Watts Dance, Grov Productions and Duwane Taylor – Place Resolution 2018

Gaia Cicolani, Hannah Wade and Caitlin Murray in <I>Lather. Rinse. Repeat.</I>.<br />© Foteini Christofilopoulou. (Click image for larger version)
Gaia Cicolani, Hannah Wade and Caitlin Murray in Lather. Rinse. Repeat..
© Foteini Christofilopoulou. (Click image for larger version)

Place Resolution 2018
Watts Dance: Lather. Rinse. Repeat.
Grov Productions: Her past in their present now
Duwane Taylor: It’s Time to Speak

London, The Place
27 February 2018
Foteini Christofilopoulou’s gallery of Lather. Rinse. Repeat. images

I’m diving in late to the Place’s Resolution festival of new dance this year but picking up the thread with a company I saw making their professional debut at last year’s festival – Watts Dance – and seeing how they’ve moved along. Their Lather. Rinse. Repeat. is about social media and its impact on everyday life – topical and relevant to everybody in the audience. It uses four female dancers, minimal props, colourful everyday costumes and partially live music to go through a day in the life of young women, permanently glued to the wider world. It starts with brushing teeth, finishes with clubbing and in between has them sitting on a row of chairs, each in their own silo and yet constantly chatting, not always direct, but via mobiles phones or anything to hand if they have the urge to pass on some message. It’s rather larky but there are also some more poignant times and attempts to show unhappiness, manipulation and the support that comes from friendship. The conceit is that the day is shown three times and the group steadily becomes more tired and disillusioned, if it ends on a high that made the audience laugh. It crams a lot into its 20 minutes, probably too much, and it would be nice to explore some aspects in more depth rather than rapidly cantering on. But I like it that Cecilia Watts thinks about the audience and what they will get out of seeing her work – currently she is channelling Matthew Bourne’s approach to dance rather than Richard Alston’s and in that respect has made useful strides in the year.

Grov Productions in <i>Her past in their present now</I>.<br />© Brita Grov. (Click image for larger version)
Grov Productions in Her past in their present now.
© Brita Grov. (Click image for larger version)

Brita Grov (in the guise of Grov Productions) used five female dancers to mine her “personal experiences of pressure on the female body”. Her past in their present now was scheduled to last 25 minutes and it rather lost me when for the first 5 minutes all we got was a back view of the dancers, upstage in gloom, black costumes on black background, to atmospheric electronic thrumming and some occasional twitching. The worry was that there would be 20 more minutes of such slow and repetitive introspection. Not so, because the piece opens out and we get the very opposite of pressure, delivering naval contemplation – big dollops of zombie-like thrashing abandon. There is a lot going on and some exciting tumbling moves that could be honed further. And after what seemed like 15 or 20 minutes overall it was all abruptly over. Not sure if I learnt much about pressure on a dancer’s body and the start could certainly be edited, but Grov has choreographic imagination, I think. Interestingly, post seeing the show and writing the above, I learn that the piece was crowdfunded and there Grov talks much more about the pressure behind it all – her being diagnosed with type 1 diabetes as a young girl. That might have been good to include in the brief programme note and rather puts it all in better context.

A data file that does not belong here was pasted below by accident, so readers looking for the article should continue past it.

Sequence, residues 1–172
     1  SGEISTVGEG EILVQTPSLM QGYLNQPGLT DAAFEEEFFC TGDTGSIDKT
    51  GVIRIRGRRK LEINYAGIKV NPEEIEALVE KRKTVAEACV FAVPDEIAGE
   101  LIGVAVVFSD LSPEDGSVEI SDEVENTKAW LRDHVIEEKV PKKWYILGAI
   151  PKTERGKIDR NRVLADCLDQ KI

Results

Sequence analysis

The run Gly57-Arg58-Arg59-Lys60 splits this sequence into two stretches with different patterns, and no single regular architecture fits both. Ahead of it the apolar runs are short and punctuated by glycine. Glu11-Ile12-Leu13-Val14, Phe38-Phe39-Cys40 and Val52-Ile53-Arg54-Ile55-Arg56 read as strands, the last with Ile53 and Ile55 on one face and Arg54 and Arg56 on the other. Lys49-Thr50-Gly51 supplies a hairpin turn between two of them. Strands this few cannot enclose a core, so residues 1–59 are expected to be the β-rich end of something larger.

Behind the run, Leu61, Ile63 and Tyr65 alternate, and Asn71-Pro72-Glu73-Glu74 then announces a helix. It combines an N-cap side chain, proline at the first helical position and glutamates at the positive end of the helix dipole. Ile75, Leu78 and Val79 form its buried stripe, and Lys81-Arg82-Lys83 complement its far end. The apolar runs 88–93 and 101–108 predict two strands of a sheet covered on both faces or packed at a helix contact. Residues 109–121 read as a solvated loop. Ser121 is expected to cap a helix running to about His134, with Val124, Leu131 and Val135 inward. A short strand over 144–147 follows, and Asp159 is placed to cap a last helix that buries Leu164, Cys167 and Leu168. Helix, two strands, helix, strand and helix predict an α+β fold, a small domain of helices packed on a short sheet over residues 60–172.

Duwane Taylor's <I>It's Time to Speak</I>.<br />© Irven Lewis. (Click image for larger version)
Duwane Taylor’s It’s Time to Speak.
© Irven Lewis. (Click image for larger version)

Duwane Taylor’s It’s Time to Speak couldn’t be more different from the bodily abandon we’d just witnessed – as the title implies it’s about words. BIG, powerful, emotive words and it’s them rather than any hip hop or krumping that one remembers. It’s a piece about the injustices and racial violence routinely dolled out to those of non-white ethnicity and black people particularly. It starts with him lip-syncing to many stirring speeches, notably by Martin Luther King, Obama and even Trump, punctuating them for emphasis with hip hop moves. But his point is that, despite such moving turns of phrase, nothing much has changed and he goes on to make his own speech, behind a strongly lit lectern. The words are gripping, eloquent and ferocious in making their point about change, but also clear that it’s words that should make for a more just world and not violent confrontation. I would like to have seen more dance involved in Speak but you can’t get away from the fact that this is powerful theatre that left a lump in many of our throats at the end.

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